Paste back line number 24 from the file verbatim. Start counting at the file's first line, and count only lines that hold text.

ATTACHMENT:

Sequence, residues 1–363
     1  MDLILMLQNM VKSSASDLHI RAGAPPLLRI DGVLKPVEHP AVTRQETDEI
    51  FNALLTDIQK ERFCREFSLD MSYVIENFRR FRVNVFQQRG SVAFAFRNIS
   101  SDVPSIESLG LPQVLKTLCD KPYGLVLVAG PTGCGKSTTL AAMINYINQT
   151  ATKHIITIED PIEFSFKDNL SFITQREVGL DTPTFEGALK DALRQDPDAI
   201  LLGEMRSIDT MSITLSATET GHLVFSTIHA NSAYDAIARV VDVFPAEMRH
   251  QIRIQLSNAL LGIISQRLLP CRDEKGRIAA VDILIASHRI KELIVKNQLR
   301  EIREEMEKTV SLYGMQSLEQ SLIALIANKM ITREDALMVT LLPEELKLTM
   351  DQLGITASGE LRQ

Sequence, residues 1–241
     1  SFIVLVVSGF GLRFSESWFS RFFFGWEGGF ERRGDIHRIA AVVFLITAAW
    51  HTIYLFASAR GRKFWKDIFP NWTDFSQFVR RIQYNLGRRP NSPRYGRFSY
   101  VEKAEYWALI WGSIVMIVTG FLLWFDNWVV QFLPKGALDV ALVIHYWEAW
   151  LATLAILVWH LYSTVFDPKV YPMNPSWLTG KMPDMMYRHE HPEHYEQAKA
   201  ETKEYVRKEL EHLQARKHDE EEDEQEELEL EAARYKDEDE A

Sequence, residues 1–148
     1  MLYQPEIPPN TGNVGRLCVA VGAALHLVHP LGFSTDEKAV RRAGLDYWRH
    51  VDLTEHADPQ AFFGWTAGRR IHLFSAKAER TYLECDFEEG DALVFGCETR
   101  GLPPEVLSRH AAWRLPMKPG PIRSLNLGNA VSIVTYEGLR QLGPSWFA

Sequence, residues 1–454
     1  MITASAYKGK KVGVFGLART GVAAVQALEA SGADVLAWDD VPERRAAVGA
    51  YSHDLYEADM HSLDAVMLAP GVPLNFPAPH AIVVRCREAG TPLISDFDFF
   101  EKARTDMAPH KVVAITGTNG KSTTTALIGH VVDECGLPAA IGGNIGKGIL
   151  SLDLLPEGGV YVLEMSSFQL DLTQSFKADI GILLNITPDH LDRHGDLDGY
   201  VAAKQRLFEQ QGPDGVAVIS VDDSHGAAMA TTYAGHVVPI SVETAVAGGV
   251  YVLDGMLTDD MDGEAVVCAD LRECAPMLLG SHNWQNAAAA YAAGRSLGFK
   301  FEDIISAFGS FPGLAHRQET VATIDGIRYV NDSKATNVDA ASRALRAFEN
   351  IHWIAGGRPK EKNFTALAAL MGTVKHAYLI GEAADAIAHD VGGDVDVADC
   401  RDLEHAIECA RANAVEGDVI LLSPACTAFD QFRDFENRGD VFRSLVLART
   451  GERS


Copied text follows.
   151  SLDLLPEGGV YVLEMSSFQL DLTQSFKADI GILLNITPDH LDRHGDLDGY